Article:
Site Selection readers will recall Gary Daughters’ March 2022 interview with Mike Wells, member of the founding family and current CEO and chief engagement officer, when Site Selection was recognizing the Sioux City metro area as a Top Metro. “We are a 100-year-old company focused on adapting for the next 100 years,” said Mike Wells last week. “Ferrero is a likeminded company with a commitment to providing high-quality, premium sweet-packaged food products that bring joy to consumers around the world.” Wells has offices in Le Mars and production operations in Le Mars; Henderson, Nevada; and Dunkirk, New York. “For over a century, Wells Enterprises has been an outstanding corporate citizen in the Siouxland tri-state metro, and we do not expect that to change in any way,” Chris McGowan, president of the Siouxland Chamber of Commerce / The Siouxland Initiative, told me in an email this morning. “Over the years, the Wells family and their executive leadership team declined countless unsolicited offers because they wanted to be certain that any entity that acquired the company would share their values, as well as their commitment to community. The key decision-makers at Wells believe that they have identified and selected the ideal partner in the family-owned Ferrero Group, which has indicated that Wells will remain a stand-alone business with offices in Le Mars, Iowa.”

As for the buyer, “this deal continues the Ferrero Group’s expansion agenda in North America following the successfully managed acquisitions of Fannie May (2017), former Nestlé U.S. confectionery business and Kellogg company’s cookies and fruit snacks businesses (2018),” the announcement stated. The company also acquired Ferrara Candy Company (2017) — manufacturer and U.S. candy market category leader of Nerds, Trolli, Sweet-tarts and Black Forest — and has established a new Innovation Center and R&D Lab in Chicago, as well as pursued two major expansions to its Bloomington, Illinois, plant. Ferrero and its related parties now count more than 8,000 employees, nine offices and 18 plants in North America. — Adam Bruns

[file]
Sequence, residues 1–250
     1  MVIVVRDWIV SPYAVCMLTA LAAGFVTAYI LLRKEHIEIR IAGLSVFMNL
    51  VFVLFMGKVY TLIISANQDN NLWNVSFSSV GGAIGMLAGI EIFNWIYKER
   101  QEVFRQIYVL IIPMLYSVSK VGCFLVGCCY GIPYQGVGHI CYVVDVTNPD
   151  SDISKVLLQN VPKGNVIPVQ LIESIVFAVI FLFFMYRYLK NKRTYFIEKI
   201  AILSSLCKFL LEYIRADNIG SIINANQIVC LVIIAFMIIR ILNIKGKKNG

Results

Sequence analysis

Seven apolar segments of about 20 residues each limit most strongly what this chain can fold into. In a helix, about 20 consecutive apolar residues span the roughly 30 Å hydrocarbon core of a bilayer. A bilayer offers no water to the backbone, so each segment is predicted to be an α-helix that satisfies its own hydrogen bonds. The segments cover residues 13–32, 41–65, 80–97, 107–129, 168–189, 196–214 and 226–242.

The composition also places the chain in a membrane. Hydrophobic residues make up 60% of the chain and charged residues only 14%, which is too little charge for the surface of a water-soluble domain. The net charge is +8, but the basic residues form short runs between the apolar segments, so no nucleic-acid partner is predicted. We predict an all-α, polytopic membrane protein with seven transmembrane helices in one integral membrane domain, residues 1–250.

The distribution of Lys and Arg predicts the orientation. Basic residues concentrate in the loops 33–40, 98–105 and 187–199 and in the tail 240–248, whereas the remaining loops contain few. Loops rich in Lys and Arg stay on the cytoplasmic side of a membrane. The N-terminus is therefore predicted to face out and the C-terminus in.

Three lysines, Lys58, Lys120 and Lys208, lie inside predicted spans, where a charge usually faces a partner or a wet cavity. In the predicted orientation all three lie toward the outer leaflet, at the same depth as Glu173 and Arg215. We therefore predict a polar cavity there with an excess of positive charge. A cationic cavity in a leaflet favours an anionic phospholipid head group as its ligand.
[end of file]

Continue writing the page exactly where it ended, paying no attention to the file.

PROJECT WATCH 

Belgium

Solid-state lithium cell technology company SOLiTHOR, based in Genk, Belgium, this week entered into a 10-year contract with Punch Powertrain nv to establish a European Centre of Excellence for solid-state lithium batteries at its site in Sint Truiden, Belgium. The company will move into the plant in January 2023 and will start pre-production of its solid-state cell technology later in the new year. “SOLiTHOR can now move swiftly to upscale the production and manufacture of our solid-state lithium batteries with the support of our investors,” said Huw Hampson-Jones, founder and CEO of SOLiTHOR. “It means moving forward towards the commercialization of our cell and battery systems technology. This is a significant step forward not only for Belgium, but for Europe as a whole and means being less dependent on Asia or the United States.” The building the company is moving into is owned by LRM, which also owns a local airstrip in Sint Truiden that SOLiTHOR hopes “will be used to develop and test aerospace and defense battery systems in the future.”

Source: Conway Projects Report

Egypt

Counselor Mohamed Abdel-Wahhab, CEO of Egypt’s General Authority of Investment and Free Zones (GAFI), participated last week in laying the foundation stone for the first Beko factory in the Middle East, with investments estimated at $100 million to produce home appliances in 10th of Ramadan City. Beko is a subsidiary of Turkish conglomerate Arçelik Group and one of the 10 largest companies in the world for household appliances, operating in more than 100 countries with 28 factories and 12 brands. Production is expected to begin quickly, with the manufacture of washing machines and electric ovens projected to commence during the fourth quarter of 2023. A GAFI release said the authority “is currently negotiating with the company to increase its activities in Egypt by adding new production lines that include air conditioners and televisions, as well as studying to inject new investments in the field of engineering industries by the global Arçelik Group.”

Source: Conway Projects Report

 

 

 PHOTO OF THE DAY 
Photo courtesy of LLNL

Two days ago, the U.S. Department of Energy (DOE) and DOE’s National Nuclear Security Administration (NNSA) announced the achievement of fusion ignition at Lawrence Livermore National Laboratory (LLNL) — “a major scientific breakthrough decades in the making that will pave the way for advancements in national defense and the future of clean power,” said the lab, located in Livermore, California, halfway between the Bay Area and Tracy. This photograph shows the target chamber of LLNL’s National Ignition Facility, where 192 laser beams delivered more than 2 million joules of ultraviolet energy to a tiny fuel pellet to create fusion ignition on Dec. 5, 2022. Fusion is the process by which two light nuclei combine to form a single heavier nucleus, releasing a large amount of energy. “In the 1960s, a group of pioneering scientists at LLNL hypothesized that lasers could be used to induce fusion in a laboratory setting,” a lab release stated.

“The pursuit of fusion ignition in the laboratory is one of the most significant scientific challenges ever tackled by humanity, and achieving it is a triumph of science, engineering, and most of all, people,” LLNL Director Dr. Kim Budil said. “Crossing this threshold is the vision that has driven 60 years of dedicated pursuit — a continual process of learning, building, expanding knowledge and capability, and then finding ways to overcome the new challenges that emerged. These are the problems that the U.S. national laboratories were created to solve.”